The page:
Australia shouldn’t be described in a single post. Its landmass is 3 million square miles (7,682,300 km²), with 3 time zones and 8 climate zones ranging from desert to tropical to alpine. But this post is mainly for travelers, like us, who have been reluctant to visit Australia because of the time and effort to travel there (at least from North America or Europe).
One way to deal with the distances between cities is to take a cruise along the coast, for at least part of your trip in Australia. We took a Silversea cruise from Adelaide to Perth. Much like an Alaskan cruise (see our post) or a Baltic cruise (see our post), being on a ship for a small portion of your trip gives you a break from hopping on and off airplanes.
In the planting season, visitors come singly, in the harvest they come in crowds – Australian proverb
In fact, we only added Australia as a side-trip to our visit to Papua New Guinea and Indonesia (see post on Bali) (see post on Borneo), because of the daily flights between Cairns and Port Moresby (see map).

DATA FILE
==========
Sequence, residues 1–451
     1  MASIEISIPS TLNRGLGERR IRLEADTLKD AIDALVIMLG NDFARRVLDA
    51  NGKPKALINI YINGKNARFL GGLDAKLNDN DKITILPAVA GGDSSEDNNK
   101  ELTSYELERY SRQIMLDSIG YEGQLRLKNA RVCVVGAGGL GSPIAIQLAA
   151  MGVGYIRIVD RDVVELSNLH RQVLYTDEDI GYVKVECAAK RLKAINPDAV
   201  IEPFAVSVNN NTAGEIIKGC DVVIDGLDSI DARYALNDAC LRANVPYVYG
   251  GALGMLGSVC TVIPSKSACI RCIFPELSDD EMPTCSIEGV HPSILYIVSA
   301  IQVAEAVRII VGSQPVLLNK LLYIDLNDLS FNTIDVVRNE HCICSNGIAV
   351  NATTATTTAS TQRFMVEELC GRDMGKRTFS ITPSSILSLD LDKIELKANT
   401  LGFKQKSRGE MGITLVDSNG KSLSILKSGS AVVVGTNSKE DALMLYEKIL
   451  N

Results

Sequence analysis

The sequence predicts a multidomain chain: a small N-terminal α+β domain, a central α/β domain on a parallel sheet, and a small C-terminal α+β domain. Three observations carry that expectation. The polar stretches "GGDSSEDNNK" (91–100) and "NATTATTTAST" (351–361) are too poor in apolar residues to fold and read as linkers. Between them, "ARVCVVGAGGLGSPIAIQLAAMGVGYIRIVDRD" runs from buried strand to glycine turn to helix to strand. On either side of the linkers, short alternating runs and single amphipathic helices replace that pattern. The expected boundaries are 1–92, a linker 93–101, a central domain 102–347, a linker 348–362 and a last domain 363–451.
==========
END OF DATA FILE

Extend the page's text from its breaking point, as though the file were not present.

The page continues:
In hindsight, Australia deserves more time than we gave it. With more time, we would have visited Uluru-Kata Tjuta National Park in the center of the country, the Great Barrier Reef off the east coast, Darwin in the north, and taken one of the luxury trains that traverse the country. Instead, in addition to Cairns, we cruised from Adelaide (south coast), and sailed westward along the south coast to Perth and Geraldton (west coast) and ended in Bali. This was a relaxing trip (Silvesea cruises are comfortable) but less interesting than we expected.
Cairns is one of the gateways to the Great Barrier Reef, but it was our gateway to Papua New Guinea. It was our favorite of the Australian cities we visited, because of its mild tropical climate and laid back vibe. Its proximity to wilderness is evidenced by the immense colonies (or clouds) of bats which return to roost every sunset. We stayed at the Pullman Reef Hotel, nice hotel with good service and great views.